On July 4, 2018, recent changes to the Pennsylvania custody law will go into effect. These laws take into account changes in the family structure and the expansion of classes of individuals who may qualify to file for physical or legal custody of minor children.
The new class of individuals (third parties) who will have standing to file for custody must meet all of the following criteria as set forth in 23 Pa. C.S. 5324: 1. The individual has assumed or is willing to assume responsibility for the child; 2. The individual has a sustained, substantial and sincere interest in the welfare of the child; and, 3. Neither parent has any form of care and control of the child.
In order to have standing, the individual must prove all three criteria by clear and convincing evidence, which is a high burden of proof. Presumably, the burden is high to ensure that the child is protected and does not end up in the custody of someone unsuitable. This opens up the possibility for neighbors, family friends, aunts and uncles or even sports coaches being awarded custody of children. The law also has a further limitation in that, if there is a dependency proceeding, meaning that there is a pending dependency petition alleging that the child(ren) is without proper parental care and should be supervised by the court, then the above criteria will not apply.
It should be noted that grandparents could have standing under two sections of the Custody Code. While grandparents and great-grandparents may have standing under 23 Pa. C.S. Section 5324, above, they may also have standing to seek partial physical custody or supervised physical custody of their grandchildren or great-grandchildren under 23 Pa. C.S. 5329. There have been changes to this section that will be effective July 4, 2018 as well. Case law previously struck the sections that allowed for grandparents’ standing if the parents of the child(ren) were separated for at least six months or were getting divorced. This is because it is unconstitutional for intact families and families that are not intact to be treated differently. The new revisions reflect that case law, and also strike those sections, but also added an additional section to allow for grandparent standing: 1. Where the relationship with the child began either with the consent of a parent of the child or under a court order and where the parents of the child: A. Have commenced a proceeding for custody; and, B. Do not agree as to whether the grandparents or great-grandparents should have custody under this section.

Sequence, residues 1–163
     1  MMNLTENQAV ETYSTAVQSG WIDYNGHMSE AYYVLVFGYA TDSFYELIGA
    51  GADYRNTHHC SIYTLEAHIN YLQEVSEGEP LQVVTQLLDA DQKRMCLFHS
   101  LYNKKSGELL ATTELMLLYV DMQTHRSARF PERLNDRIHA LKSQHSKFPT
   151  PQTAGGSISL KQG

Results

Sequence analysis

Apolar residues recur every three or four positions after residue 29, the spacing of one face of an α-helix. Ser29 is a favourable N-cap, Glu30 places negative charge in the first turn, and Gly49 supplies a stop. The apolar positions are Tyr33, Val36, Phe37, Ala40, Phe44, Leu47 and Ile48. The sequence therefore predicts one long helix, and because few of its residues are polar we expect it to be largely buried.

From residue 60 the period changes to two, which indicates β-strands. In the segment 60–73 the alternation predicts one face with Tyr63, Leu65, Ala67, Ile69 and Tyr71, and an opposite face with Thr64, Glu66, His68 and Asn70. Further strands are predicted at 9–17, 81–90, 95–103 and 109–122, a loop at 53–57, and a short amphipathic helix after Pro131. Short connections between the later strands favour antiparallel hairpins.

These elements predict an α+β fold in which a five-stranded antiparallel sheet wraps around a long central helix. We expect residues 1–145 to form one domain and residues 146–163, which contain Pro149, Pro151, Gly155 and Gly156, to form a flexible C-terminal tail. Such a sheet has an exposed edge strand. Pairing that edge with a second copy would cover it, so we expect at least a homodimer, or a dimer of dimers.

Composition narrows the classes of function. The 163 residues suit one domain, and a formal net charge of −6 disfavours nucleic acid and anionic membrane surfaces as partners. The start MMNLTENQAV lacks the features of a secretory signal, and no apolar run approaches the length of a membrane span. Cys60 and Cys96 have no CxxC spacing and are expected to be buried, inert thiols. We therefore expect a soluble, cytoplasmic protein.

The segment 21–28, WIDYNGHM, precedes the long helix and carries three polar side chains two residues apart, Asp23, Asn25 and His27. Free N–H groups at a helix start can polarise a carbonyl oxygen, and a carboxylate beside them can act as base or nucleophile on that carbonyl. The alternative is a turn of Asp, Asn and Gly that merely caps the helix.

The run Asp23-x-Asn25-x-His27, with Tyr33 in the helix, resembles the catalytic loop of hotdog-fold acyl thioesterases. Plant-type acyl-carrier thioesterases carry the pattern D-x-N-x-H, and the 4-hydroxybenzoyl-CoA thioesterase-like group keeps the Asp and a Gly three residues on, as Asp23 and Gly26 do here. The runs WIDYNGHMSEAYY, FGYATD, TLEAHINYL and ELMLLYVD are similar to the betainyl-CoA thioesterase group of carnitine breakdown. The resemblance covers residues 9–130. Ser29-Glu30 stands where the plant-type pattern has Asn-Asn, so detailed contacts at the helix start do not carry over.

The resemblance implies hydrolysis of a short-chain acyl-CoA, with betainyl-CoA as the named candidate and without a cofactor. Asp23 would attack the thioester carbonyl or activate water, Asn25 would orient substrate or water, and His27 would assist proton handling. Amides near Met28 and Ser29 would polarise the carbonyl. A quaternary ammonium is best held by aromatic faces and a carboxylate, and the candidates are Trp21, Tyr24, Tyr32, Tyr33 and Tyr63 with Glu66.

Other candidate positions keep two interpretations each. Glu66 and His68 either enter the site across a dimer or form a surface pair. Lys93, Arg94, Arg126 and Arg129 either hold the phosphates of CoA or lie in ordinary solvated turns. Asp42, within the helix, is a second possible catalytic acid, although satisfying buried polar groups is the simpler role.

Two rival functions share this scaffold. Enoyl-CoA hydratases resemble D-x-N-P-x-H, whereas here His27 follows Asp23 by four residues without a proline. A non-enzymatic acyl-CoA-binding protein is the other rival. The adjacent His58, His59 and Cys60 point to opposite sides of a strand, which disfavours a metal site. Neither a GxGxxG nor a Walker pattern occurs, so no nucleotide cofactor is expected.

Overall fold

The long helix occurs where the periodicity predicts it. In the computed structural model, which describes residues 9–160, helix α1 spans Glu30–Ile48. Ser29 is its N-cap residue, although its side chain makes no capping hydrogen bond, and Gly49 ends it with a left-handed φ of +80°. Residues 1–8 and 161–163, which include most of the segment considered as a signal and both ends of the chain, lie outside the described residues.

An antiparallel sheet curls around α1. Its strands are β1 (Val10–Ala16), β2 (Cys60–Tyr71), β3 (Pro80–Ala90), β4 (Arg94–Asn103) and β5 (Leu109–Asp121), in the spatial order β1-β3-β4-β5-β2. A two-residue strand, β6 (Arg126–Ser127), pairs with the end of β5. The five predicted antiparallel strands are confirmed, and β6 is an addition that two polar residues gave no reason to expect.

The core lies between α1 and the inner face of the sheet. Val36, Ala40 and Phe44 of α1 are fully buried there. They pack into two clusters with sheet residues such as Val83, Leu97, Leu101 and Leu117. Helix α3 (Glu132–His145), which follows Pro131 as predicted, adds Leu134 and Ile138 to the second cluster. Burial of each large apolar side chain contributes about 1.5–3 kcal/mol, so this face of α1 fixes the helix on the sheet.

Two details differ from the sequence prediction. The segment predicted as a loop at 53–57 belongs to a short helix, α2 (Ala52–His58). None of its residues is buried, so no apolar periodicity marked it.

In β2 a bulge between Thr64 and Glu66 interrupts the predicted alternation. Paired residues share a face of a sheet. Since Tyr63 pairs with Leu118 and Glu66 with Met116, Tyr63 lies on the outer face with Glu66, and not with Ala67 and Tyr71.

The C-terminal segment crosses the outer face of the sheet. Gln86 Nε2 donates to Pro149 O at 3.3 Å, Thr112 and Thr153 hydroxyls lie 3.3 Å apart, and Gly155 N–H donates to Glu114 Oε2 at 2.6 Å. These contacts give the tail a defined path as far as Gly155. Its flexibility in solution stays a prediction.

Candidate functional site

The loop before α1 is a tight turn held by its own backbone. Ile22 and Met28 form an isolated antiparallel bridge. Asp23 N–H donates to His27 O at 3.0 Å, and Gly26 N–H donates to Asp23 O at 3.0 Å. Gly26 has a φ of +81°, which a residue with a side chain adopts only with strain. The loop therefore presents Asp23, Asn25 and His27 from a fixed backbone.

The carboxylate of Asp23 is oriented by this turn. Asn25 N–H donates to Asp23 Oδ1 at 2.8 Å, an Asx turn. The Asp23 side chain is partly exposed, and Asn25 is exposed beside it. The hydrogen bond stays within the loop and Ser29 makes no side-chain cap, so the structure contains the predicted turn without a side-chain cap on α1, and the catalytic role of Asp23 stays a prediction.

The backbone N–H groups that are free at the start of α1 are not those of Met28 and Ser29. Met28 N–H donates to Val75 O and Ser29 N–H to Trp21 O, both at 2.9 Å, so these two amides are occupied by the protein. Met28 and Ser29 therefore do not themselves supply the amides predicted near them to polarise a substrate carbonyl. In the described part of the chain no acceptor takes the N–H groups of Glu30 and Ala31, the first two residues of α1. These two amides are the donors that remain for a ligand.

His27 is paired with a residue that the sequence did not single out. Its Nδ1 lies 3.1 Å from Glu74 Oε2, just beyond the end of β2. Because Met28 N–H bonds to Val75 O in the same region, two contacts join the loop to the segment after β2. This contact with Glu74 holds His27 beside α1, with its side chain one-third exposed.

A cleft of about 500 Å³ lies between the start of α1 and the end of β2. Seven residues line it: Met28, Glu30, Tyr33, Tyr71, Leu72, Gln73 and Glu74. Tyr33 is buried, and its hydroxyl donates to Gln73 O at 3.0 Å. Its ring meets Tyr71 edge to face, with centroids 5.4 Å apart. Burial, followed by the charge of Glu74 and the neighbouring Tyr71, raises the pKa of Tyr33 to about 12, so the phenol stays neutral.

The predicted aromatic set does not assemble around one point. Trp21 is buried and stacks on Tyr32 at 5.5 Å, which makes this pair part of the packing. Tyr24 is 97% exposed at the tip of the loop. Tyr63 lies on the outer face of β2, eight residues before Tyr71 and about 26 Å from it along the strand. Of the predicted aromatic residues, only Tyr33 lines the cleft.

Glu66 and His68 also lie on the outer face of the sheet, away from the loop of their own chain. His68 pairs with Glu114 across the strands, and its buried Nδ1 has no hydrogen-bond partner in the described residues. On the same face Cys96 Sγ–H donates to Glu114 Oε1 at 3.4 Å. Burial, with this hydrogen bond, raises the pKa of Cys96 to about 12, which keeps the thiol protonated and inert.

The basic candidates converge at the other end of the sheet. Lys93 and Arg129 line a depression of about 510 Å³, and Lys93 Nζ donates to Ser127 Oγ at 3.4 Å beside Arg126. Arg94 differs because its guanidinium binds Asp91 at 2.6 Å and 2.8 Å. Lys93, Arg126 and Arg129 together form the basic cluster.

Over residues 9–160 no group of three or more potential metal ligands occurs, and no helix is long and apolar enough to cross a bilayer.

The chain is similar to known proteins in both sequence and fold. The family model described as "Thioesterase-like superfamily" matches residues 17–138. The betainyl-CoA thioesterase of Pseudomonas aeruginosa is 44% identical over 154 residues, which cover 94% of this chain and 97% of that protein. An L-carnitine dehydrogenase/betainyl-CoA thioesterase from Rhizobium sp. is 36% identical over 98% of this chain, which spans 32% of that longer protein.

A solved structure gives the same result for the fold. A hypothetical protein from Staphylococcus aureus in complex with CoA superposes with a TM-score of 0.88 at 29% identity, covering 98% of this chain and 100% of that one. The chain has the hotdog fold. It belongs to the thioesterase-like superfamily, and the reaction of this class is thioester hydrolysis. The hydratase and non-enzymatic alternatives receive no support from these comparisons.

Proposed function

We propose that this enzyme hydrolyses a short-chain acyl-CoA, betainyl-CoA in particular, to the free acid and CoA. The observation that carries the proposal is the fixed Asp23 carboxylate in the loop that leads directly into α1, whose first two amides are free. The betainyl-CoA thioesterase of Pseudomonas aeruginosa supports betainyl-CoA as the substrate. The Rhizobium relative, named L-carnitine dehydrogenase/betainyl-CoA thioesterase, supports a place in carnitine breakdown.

Essentially this change allows a grandparent or great-grandparent who has an existing relationship with the grandchildren or great-grandchildren to be added as a party to a custody proceeding when the parents of the child cannot agree if the grandparent or great-grandparent should have any custody.
The final change to 23 Pa. C.S. 5329 changes the word parent to party in the section for consideration of criminal conviction. The court must consider criminal convictions and make sure that there is no threat to the child(ren) before entering a custody order. This consideration relates to entering an order of custody to a party (not just a parent) who does have certain criminal convictions.
The timing of these changes to the custody law coincides with the rise of the opioid epidemic both nationwide and in the local area specifically. Sadly, there has been a rise in the past few years of parents battling drug addiction and unable to care for their children, to the extent that Pennsylvania legislators have felt compelled to address the impact of this crisis on minor children. These changes to the custody law increase the potential third parties who could seek to assume custody of the children in these situations. The changes in the law reflect the reality that some of these third parties may already be caring for the child, but did not have standing to file for physical and/or legal custody previously. As of July 4, 2018, they will be able to do so.
Prior to the tax act, taxpayers who required additional cash for a variety of reasons, including buying our their spouse’s interest in the residence, would regularly refinance the mortgages on their residence for a larger amount. The benefit was that the mortgage interest on the refinanced mortgage could be deducted up to a $1,000,000 cap.
The passage of the Tax Cuts and Jobs Act has effected a huge change limiting the mortgage deduction in this scenario, which may have a significant impact on parties going through a divorce. The new law limits the amount of the mortgage to funds needed to acquire a residence, construct a residence or substantially improve a residence. So, if you are refinancing for one of these allowable expenses, and stay below the $1,000,000 cap, the interest would still be deductible. However, in a divorce that is often not the case.
In a divorce, the party retaining the residence will have to refinance the loans related to the residence to remove the other party’s name. Often, this will be both a mortgage and a home equity line of credit. Moreover, the party retaining the residence often has to refinance for a larger amount to make a cash payment to the other party to “buy out their interest” in the house. With the new law, the parties refinancing the marital residence to take cash out to pay off the other spouse will be limited to the principal balance prior to the cash out refinance in terms of the interest that can be deducted. For example, if the principal mortgage balance is $300,000 and the party retaining the residence is refinancing for $500,000 to pay off the other spouse, they will be limited for purposes of the deduction to the interest on the $300,000. Interest on the additional $200,000 cannot be deducted. In addition, there will be no deduction when the mortgage is refinanced to now include the home equity line of credit. Parties are going to have to give more consideration to the tax consequences and resulting true cost of retaining the residence.